When our paths crossed, you could say it was a meeting of four old dogs. He and his canine companions seemed cordial enough. He felt it necessary to inform me that he was using a cane because he just had back surgery. He wanted to know why I was using a walker. I simply said that I had a brain tumor a number of years ago. His only response was “NICE”. It was obviously one of those unfortunate inappropriate canned responses that we use far too often. Somewhat surprised, I quickly shot back with “no it was not”. He wasn’t slowed at all as he continued complaining how uncomfortable he was and how tough it was for him to get down the stairs. He was looking forward to returning to full health in the next couple of months. I then felt obligated to inform him that after more than four years, I am still unable to walk down stairs.* I wished him a good day and we each went our separate ways.
When the moment of enlightenment hits him, I’m sure he will want to beat himself with his cane. I don’t know anyone in their right mind who would describe a brain tumor as “nice”. I actually felt sorry for him. I couldn’t help but think of the countless times I have recklessly, to my horror, opened my mouth only to expel some thoughtless anecdote.
Someone once said, listening is not formulating a response, listening is a step towards understanding. My morning acquaintance wasn’t listening. He was in complaint mode. I know it too well. I have found it helps to focus on the blessings you have, and not what you lost or no longer have. We were upright. We were able to walk. We were able to live long enough to be called old. He could walk down stairs. He had companions to walk with. There was a nice safe walking path. The weather was decent. We both had safe, air conditioned homes to return to. Neither of us was malnourished. We both had decent clothes and medical devices to help us get around. Near as I could tell, aside from his temporary back ailment, he was relatively healthy. We both had access to good medical. He had a good prognosis in a relatively short period of time. We both had the tools necessary to communicate. No one was firing mortar rounds at us. No one has tried to round us up on our walk and throw us into a labor camp yet. Currently, we are both free to worship our God as we see fit.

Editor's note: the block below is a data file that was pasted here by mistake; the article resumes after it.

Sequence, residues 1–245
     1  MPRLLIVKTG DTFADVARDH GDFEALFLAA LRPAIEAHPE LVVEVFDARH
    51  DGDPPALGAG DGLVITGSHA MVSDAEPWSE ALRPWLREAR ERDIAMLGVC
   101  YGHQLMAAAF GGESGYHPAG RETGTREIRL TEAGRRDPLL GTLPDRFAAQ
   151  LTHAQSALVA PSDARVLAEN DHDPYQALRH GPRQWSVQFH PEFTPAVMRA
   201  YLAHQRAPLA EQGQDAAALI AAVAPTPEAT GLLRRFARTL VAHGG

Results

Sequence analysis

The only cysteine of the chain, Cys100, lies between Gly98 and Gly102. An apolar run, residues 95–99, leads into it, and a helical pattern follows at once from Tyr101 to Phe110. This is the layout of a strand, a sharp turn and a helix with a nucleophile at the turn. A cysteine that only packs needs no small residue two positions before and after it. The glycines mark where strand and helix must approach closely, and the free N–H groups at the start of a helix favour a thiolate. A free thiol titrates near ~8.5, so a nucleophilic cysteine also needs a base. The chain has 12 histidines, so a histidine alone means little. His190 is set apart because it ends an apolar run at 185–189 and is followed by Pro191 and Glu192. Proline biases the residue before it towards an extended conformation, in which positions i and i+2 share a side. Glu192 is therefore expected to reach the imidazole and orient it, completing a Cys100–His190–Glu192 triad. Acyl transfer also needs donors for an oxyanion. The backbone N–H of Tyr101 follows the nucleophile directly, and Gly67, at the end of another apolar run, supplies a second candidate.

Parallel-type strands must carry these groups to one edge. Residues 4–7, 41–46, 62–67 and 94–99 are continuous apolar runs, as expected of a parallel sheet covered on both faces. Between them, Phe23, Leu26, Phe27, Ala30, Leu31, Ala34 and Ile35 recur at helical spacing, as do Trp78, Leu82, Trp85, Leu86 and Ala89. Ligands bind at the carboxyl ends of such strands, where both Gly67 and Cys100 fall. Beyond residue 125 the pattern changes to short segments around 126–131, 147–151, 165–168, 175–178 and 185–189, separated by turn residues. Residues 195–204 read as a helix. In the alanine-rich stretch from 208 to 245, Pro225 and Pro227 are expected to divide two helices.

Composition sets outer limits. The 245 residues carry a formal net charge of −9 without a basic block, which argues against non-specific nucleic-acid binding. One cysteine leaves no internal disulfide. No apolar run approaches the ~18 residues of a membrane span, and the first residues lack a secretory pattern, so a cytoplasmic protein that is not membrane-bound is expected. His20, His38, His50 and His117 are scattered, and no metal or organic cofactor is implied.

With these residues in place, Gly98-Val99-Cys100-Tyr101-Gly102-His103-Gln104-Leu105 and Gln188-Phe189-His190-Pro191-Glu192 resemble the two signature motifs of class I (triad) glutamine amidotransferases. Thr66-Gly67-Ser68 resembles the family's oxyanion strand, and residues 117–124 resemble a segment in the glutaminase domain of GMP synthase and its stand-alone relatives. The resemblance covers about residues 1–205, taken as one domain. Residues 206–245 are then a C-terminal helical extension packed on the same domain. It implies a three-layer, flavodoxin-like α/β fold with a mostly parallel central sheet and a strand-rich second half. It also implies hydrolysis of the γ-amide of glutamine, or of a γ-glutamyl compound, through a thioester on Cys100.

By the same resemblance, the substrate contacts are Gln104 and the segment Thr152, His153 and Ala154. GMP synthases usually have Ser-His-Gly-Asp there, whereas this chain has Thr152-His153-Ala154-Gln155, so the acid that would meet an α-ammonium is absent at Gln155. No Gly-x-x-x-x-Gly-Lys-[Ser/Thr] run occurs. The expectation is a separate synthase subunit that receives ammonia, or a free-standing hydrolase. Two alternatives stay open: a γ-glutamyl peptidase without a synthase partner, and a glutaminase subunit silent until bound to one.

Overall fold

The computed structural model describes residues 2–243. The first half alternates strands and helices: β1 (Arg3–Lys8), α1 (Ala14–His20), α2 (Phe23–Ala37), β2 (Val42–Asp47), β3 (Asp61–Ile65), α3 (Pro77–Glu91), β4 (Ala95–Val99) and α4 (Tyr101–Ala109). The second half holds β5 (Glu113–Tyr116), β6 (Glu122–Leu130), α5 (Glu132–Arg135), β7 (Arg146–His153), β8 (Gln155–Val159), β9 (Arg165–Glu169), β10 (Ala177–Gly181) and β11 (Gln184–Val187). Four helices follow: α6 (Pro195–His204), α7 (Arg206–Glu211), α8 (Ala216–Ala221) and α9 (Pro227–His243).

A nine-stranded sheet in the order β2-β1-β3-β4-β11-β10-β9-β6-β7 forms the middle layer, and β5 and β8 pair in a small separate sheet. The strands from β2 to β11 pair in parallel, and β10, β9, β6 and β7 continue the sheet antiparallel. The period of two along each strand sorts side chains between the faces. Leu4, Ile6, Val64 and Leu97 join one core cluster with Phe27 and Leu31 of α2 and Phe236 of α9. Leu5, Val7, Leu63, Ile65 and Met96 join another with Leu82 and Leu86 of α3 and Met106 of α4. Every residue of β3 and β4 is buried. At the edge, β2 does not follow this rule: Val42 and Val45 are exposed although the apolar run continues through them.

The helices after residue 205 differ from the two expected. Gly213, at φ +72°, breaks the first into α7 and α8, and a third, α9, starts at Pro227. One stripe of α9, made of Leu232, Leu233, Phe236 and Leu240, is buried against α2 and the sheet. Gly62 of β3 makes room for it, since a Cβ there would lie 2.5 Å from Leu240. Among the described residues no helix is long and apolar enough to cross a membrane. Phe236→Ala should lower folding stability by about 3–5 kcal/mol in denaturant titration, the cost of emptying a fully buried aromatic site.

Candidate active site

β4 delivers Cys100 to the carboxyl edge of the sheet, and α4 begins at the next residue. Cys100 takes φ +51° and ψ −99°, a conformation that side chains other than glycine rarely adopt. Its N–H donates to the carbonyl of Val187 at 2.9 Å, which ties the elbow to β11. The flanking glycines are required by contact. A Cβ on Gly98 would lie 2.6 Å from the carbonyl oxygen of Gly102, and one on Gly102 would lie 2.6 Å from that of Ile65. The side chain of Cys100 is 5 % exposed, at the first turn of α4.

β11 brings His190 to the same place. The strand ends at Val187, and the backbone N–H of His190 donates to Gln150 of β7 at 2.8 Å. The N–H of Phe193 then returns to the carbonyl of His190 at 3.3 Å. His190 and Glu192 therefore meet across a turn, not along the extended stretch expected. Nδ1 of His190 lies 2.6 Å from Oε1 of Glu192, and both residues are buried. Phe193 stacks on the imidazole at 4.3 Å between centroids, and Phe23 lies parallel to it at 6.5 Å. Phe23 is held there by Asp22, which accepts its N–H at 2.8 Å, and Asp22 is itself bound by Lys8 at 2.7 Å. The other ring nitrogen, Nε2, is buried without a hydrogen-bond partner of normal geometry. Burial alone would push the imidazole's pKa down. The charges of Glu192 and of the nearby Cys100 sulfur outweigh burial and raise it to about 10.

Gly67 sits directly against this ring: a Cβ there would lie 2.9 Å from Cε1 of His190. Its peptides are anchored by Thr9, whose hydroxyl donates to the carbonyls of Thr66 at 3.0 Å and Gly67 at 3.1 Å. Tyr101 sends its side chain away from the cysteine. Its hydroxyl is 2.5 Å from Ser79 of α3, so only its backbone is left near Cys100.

As I reflect back on this encounter I regret that I let myself be offended by something he said, something I myself am good at, and I didn’t reach out at that moment and offer to pray for him or graciously remind him of all we have to be grateful for. Forgive me Lord.
“May these words of my mouth and this meditation of my heart be pleasing in your sight, Lord, my Rock and my Redeemer.”
*Update - It's not pretty but after nearly five years, thanks to a lot of therapy, prayers and persistence, I have finally learned how to get up and down those stairs.
Copyright © Brian Dietz